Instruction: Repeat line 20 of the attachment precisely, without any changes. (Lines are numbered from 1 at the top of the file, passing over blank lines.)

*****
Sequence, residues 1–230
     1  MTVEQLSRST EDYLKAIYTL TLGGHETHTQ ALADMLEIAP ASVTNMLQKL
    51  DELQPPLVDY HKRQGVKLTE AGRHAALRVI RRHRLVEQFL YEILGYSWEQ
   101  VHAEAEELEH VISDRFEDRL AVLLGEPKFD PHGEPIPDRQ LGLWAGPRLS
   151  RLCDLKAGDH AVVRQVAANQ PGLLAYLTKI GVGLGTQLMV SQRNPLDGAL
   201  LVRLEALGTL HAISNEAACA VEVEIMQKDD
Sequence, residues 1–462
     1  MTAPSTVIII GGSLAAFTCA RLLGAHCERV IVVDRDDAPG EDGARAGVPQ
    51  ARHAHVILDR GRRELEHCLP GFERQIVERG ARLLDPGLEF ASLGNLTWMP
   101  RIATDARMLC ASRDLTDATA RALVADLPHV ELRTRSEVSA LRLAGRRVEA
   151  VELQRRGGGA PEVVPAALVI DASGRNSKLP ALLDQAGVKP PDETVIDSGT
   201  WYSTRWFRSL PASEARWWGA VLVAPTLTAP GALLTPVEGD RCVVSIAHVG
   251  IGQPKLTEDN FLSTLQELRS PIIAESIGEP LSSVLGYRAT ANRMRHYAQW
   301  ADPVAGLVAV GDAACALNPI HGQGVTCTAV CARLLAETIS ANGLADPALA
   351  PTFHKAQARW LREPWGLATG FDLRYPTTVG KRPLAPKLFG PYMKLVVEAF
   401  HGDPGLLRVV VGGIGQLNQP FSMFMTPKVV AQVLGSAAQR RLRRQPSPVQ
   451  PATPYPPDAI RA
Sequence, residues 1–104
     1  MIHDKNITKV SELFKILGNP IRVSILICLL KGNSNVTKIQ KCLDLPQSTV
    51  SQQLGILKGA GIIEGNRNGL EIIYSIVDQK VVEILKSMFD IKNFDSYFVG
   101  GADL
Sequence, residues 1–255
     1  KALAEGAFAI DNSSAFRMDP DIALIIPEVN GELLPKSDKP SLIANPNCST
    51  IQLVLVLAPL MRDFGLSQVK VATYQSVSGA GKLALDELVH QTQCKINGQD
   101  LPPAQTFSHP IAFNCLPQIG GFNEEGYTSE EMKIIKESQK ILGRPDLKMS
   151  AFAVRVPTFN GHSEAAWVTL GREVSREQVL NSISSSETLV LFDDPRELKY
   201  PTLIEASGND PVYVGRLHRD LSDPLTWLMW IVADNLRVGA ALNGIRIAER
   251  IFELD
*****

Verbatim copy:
    51  SQQLGILKGA GIIEGNRNGL EIIYSIVDQK VVEILKSMFD IKNFDSYFVG